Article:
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PR Fiascos brilliantly managed: Learn from these 6 Brands
Every Organization should be prepared for the inevitable public relations crisis. Yes, it happens to all of us. Hit by a PR crisis, what we need is a quick and carefully crafted response. It comes as a surprise. How you intend to respond, shouldn't be. We need holding statements, role play, crisis alert, trained spokesperson, social media monitoring, and more.
Sometimes a company grows so smoothly that it makes you go, "Bravo!"
Here we have some of the instances of a well-managed PR crisis.
The global sports manufacturing powerhouse underwent a high-profile humiliation when the best player in basketball, Zion Williamson, had his Nike shoe fall apart during one of the biggest games of the year. The broadcast even featured former President Barack Obama, who was there to watch the game from the stands, mouthing, “His shoe broke.” To add injury to insult, Williamson suffered a knee sprain when his shoe blew out and prevented him from playing the rest of the regular season.
How big of a deal was this? Nike lost about $1.1 billion in market capital in the immediate aftermath.
The first thing they did for some damage control was giving out a public statement instantly which stated “We are concerned and want to wish Zion a speedy recovery. The quality and performance of our products are of utmost importance. While this is an isolated occurrence, we are working to identify the issue.”
Also, Nike was able to give Williamson an early first-hand look at those vast company-wide resources. They sprang into action to design a custom sneaker for the rest of his college career that would support the needs of Williamson’s unique blend of speed and power. The personal attention given by Nike brought Williamson and his family a comfort level that they might not have had otherwise.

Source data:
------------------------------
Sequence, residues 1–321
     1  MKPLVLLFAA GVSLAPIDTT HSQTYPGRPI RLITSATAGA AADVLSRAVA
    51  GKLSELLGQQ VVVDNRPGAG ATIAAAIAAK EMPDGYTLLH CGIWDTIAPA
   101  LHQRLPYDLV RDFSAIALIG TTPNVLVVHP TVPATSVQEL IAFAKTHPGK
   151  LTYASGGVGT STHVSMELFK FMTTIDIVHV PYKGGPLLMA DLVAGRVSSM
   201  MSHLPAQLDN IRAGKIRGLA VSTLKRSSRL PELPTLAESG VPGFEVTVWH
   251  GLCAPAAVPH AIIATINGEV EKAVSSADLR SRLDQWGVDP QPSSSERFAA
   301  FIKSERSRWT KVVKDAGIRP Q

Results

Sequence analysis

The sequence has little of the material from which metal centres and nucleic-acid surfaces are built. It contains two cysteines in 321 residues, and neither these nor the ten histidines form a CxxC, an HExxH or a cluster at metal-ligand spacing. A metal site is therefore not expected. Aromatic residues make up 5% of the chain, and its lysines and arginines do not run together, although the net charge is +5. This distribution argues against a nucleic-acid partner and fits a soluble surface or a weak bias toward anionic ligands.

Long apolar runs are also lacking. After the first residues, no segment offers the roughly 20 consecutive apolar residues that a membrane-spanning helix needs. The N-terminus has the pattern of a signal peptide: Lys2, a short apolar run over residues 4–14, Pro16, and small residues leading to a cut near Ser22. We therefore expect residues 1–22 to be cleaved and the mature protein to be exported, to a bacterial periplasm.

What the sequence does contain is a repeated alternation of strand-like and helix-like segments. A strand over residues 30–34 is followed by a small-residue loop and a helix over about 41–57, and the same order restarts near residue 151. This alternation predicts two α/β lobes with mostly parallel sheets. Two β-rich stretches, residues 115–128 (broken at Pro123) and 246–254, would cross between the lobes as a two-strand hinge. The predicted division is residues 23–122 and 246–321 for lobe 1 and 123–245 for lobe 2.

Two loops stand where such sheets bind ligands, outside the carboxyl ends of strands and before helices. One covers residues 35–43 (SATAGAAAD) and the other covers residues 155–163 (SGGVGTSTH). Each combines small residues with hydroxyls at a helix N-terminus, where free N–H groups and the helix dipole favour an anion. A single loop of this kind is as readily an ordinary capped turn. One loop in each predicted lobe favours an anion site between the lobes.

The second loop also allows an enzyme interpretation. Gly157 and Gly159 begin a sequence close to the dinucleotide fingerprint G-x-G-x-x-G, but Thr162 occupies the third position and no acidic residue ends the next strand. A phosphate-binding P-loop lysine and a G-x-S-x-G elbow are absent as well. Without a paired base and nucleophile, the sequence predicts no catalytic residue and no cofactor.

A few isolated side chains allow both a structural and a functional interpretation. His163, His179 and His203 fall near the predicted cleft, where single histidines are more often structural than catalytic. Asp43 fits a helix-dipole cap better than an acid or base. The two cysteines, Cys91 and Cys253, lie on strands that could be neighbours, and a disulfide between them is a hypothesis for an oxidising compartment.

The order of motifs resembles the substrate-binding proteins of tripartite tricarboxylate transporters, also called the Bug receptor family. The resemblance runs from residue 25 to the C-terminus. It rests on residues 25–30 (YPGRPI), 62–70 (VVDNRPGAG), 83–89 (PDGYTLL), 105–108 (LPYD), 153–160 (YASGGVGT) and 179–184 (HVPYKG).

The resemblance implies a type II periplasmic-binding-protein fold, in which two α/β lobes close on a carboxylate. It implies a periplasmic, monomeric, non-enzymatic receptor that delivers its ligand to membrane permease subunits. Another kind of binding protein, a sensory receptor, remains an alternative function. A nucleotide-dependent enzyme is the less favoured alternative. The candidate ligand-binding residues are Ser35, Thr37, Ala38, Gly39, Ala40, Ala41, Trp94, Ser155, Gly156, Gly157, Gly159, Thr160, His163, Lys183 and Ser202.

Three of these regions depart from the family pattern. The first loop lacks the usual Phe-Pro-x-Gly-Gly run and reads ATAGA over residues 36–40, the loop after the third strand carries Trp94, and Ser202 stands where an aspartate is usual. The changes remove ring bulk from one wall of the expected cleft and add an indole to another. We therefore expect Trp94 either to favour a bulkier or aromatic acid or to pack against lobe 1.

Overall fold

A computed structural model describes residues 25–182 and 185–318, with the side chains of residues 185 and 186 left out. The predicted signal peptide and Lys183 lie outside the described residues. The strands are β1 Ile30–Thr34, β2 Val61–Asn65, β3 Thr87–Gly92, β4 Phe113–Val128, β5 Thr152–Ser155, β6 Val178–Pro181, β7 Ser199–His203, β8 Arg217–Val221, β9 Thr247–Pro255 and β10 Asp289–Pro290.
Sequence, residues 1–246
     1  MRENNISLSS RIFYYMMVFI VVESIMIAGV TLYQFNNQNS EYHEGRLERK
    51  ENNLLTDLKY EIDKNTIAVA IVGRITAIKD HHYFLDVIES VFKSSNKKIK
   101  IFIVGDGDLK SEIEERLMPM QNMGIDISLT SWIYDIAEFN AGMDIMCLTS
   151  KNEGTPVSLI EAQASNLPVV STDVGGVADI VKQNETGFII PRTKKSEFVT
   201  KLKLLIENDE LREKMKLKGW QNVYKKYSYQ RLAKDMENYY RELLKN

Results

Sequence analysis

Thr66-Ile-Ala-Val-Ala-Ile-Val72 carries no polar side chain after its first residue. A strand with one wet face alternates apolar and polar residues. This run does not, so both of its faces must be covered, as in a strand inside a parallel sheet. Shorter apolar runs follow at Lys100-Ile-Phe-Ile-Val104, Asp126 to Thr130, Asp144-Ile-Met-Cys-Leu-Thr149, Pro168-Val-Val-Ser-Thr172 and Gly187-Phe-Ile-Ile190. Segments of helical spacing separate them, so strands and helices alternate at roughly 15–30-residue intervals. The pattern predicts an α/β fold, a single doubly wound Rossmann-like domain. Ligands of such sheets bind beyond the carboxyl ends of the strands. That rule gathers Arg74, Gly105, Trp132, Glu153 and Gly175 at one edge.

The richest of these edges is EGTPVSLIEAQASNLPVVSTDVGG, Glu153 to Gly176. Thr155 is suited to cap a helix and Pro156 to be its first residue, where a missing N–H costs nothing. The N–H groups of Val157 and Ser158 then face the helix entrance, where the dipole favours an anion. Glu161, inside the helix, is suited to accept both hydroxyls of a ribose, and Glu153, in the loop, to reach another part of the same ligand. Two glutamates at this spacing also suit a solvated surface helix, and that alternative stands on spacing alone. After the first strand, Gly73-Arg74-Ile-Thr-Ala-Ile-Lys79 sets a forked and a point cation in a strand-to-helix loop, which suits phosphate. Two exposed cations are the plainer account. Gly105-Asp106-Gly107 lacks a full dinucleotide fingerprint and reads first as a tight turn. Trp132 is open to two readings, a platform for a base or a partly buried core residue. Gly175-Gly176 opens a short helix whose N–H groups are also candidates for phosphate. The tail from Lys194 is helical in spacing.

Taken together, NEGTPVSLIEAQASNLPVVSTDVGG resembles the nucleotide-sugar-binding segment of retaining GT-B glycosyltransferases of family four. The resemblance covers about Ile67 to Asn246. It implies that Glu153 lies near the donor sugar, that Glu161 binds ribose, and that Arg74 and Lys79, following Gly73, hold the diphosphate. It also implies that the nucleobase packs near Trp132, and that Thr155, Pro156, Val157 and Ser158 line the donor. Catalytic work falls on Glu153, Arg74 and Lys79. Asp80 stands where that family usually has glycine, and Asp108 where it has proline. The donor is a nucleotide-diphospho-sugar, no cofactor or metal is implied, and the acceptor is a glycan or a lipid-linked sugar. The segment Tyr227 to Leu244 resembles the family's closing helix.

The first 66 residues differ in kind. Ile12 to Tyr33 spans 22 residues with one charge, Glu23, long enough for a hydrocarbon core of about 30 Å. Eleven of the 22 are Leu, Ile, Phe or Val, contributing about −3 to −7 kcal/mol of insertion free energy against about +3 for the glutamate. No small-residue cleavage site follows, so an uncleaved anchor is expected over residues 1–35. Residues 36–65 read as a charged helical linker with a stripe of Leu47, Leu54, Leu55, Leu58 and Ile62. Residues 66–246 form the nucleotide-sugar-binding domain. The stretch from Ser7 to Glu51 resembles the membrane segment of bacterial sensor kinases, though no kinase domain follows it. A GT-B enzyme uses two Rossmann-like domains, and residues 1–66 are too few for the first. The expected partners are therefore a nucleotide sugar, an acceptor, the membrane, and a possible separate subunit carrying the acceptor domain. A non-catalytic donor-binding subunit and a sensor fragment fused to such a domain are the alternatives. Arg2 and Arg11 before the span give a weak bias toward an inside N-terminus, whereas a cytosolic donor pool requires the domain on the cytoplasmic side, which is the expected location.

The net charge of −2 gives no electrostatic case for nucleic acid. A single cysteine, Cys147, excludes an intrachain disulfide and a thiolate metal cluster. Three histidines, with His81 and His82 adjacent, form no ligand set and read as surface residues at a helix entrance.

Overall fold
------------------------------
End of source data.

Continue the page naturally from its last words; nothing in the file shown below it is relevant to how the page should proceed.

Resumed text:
KFC ran out of chicken in the maximum of their 870 UK & Ireland outlets after an unfortunate series of events, which lead to delivery delays from their warehouses.
It was a calamity as it became international news and the customers were left with a bitter taste.
Their PR and marketing team got to work instantly. They rolled out excellent ads in newspapers with the KFC letters rearranged on the bucket to admit their FCK up. They managed a page on their website where customers could check the chicken status of their local restaurants. And they kept on top of the news by answering questions via social media almost every day. They did everything transparently, swiftly, and true to their brand voice, which made everyone put their torches away and celebrate their modesty.
Two black gentlemen, Rashon Nelson, and Donte Robinson were waiting for a friend and didn’t want to order anything until he showed up. Because they were just sitting in the store and didn't order anything, the manager asked them to leave. When they did not leave, the manager called the police. The men were arrested without a warrant. The other white people sitting there were also shocked as it never happened to them.